Eurozone’s growth disappoints in 12Q4
The eurozone GDP contracted by 0.6% q-o-q in the final quarter of 2012. Sentiment indicators suggest the economy will fare better in 13Q1, but we do not expect growth to pick up strongly in 2013 amid severe economic headwinds.
In the last quarter of 2012, eurozone GDP contracted by a slightly larger-than-expected 0.6% q-o-q, after falling 0.1% in the previous quarter. This means that for 2012 as a whole, GDP contracted by 0.5%. Unsurprisingly, the Southern European economies continued to experience the largest contraction. What was somewhat surprising, however, was that Germany and France saw bigger than expected contractions of 0.6% and 0.3%, respectively. Dutch GDP fell much less sharply than in the previous quarter (see Rabo Macro Comment 13/02 for more details on the Netherlands). Looking at preliminary data for the expenditure breakdown, we see that private consumption acted as a drag on growth in Spain and the Netherlands. Meanwhile, the negative contribution of net trade and fixed investment was the main reason for Germany’s economic slowdown. Falling fixed investment also contributed to France’s GDP contraction.
Figure 1: Eurozone growth
Source: Reuters EcoWin
Of course, 12Q4’s figures are to some extent outdated and more timely survey indicators are pointing to an improvement in activity in the early part of 2013. The Eurozone composite PMI picked up over the past few months, indicating that the economy is likely to fare better in 13Q1 (figure 2). However, it is worth noting that the PMI is still consistent with a contraction of GDP. What’s more, the multi-speed recovery in the region remains firmly intact. The Economic Sentiment Indicators (ESI) produced by the European Commission show that producer and consumer sentiment is improving in most eurozone countries, but at varying speeds (figure 3). Broadly speaking, the pace of recovery in the periphery countries lags behind that of the core economies.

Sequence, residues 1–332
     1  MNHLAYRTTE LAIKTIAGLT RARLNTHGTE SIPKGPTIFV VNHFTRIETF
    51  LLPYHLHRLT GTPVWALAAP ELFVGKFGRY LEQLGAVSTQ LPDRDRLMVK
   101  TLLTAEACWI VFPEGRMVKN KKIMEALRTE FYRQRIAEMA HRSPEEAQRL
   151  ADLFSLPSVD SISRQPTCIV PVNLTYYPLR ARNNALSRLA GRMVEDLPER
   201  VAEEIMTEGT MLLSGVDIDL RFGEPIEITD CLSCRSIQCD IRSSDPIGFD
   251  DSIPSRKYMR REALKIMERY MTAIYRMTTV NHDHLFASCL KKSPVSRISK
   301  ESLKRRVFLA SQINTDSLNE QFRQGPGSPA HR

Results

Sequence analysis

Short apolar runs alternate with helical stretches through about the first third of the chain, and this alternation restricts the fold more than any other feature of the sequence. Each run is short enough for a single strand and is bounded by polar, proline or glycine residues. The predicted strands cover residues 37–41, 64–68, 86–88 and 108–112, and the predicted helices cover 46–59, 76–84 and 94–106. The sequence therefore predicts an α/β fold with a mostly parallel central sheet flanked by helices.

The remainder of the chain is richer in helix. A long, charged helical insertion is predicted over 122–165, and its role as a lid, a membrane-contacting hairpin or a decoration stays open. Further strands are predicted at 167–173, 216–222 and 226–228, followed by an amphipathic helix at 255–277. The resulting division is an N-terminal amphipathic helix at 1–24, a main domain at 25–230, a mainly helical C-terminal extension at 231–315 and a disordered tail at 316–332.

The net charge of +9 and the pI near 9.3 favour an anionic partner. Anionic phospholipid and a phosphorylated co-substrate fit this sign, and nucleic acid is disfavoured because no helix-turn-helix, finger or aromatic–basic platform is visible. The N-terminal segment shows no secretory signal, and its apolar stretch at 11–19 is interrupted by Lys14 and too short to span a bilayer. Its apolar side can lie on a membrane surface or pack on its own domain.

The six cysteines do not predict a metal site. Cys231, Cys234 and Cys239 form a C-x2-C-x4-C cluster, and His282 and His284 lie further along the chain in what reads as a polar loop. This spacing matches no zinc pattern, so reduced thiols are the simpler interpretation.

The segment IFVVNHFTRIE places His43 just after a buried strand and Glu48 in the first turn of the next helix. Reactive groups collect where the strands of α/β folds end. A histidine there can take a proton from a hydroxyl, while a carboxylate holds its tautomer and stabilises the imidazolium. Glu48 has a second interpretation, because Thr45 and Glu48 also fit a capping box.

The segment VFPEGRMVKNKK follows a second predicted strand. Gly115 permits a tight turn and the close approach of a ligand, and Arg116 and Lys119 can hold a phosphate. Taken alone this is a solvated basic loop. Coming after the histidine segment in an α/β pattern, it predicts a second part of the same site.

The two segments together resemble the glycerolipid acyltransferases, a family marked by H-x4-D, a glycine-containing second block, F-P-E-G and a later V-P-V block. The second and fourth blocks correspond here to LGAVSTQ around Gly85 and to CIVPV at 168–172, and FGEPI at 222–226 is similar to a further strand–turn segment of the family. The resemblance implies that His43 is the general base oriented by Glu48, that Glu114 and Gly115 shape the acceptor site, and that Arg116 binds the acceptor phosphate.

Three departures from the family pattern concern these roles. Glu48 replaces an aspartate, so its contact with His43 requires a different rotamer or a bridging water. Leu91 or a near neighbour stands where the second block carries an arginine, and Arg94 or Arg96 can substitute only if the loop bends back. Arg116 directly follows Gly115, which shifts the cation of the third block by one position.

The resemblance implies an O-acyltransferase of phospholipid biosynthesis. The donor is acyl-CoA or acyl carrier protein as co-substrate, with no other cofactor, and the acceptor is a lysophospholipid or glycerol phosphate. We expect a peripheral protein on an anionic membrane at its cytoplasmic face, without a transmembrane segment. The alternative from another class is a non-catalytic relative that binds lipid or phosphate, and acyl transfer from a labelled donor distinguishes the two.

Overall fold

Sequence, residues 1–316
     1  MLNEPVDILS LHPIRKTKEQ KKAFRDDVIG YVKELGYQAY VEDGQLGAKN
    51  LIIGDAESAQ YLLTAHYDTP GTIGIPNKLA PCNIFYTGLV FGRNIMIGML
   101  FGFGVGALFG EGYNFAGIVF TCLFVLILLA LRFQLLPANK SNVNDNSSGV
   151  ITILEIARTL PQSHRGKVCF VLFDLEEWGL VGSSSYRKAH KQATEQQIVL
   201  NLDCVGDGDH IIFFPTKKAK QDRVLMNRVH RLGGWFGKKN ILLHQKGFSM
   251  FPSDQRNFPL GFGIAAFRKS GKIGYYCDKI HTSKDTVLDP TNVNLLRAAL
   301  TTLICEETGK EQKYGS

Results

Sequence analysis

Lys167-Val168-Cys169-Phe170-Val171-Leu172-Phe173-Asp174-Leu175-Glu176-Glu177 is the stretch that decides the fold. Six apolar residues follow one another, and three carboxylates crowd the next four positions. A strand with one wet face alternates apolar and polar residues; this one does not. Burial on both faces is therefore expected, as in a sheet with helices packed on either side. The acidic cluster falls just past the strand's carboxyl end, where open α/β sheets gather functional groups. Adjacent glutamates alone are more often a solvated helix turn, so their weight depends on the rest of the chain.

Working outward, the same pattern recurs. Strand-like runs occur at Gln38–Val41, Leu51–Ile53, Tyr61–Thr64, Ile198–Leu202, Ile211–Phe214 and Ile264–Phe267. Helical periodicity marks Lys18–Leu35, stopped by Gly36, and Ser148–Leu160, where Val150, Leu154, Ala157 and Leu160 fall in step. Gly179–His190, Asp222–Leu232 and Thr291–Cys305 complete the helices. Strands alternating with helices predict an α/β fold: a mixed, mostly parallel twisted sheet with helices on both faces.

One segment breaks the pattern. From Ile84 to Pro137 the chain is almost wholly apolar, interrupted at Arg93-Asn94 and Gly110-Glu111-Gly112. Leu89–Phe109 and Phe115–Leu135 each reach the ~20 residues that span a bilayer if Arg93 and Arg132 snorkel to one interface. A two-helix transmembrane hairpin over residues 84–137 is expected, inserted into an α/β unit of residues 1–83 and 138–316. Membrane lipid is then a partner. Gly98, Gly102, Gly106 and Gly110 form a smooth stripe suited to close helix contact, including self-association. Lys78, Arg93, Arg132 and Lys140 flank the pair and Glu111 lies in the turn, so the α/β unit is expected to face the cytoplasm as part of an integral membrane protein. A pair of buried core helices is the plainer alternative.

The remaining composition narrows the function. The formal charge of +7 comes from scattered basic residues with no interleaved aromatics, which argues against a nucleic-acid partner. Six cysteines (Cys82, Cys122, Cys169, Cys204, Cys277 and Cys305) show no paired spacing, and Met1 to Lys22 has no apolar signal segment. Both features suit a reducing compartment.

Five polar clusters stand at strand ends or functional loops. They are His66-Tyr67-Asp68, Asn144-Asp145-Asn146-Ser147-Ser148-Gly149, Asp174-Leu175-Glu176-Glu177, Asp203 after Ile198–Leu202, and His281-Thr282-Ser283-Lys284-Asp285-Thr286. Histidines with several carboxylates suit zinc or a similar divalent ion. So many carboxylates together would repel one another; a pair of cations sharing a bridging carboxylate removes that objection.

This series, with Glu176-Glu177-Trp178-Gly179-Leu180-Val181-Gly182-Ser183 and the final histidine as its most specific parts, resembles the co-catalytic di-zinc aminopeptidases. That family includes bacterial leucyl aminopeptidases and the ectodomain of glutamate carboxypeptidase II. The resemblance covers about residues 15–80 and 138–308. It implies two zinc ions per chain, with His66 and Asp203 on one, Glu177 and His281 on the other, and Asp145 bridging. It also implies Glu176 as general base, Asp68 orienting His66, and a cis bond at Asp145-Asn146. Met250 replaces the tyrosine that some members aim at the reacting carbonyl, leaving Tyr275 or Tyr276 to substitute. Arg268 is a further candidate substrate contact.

Going forward, we do not expect eurozone growth to pick up materially in 2013 given a number of severe headwinds. First, fiscal consolidation will continue to weigh on activity this year as countries strive to lower their deficits. Second, households are unlikely to go on a spending spree while facing higher job/income insecurity as well as tighter credit conditions. The latter will also hamper firms from increasing investment. Third, the broader uncertainty regarding the debt crisis, even if it is currently in a less acute phase, will caution households and businesses from increasing their spending.
The weak economic backdrop indicates that it is up to the export sector to bolster growth. Positive signs stem from the growth pick up in the emerging countries, especially China. And US’s recovery is probably going to gain further momentum in the second half of this year if Democrats and Republicans find common ground. That said, the recent appreciation of the euro thanks, in part, to Mr. Draghi’s pledge to do “whatever it takes” to preserve the monetary union is an extra headwind for eurozone exporters. The currency’s appreciation on a trade-weighted basis is resulting in a tightening of financial conditions at the data edge (figure 4). The further appreciation of the euro will, therefore, act as an extra drag on growth.
Figure 4: Financial conditions
Source: Reuters EcoWin, Rabobank
The disappointing GDP figure serves as a timely reminder that the current fiscal consolidation programmes are hurting growth. Against this backdrop, we believe the European Commission must give all euro members extra time to reach their ambitious deficit targets. This flexibility is embedded in the Article 3(5) of Regulation (EC) 1467/97 of the Council of the European Union, which reads “[i]n the case of a severe economic downturn in the euro area or in the Union as a whole, the Council may also decide, on a recommendation from the Commission, to adopt a revised recommendation under Article 126(7) TFEU provided that this does not endanger fiscal sustainability in the medium term”. Implementing more austerity measures in such a weak economic environment will further undermine fiscal sustainability as it worsens growth prospects, especially in the periphery countries.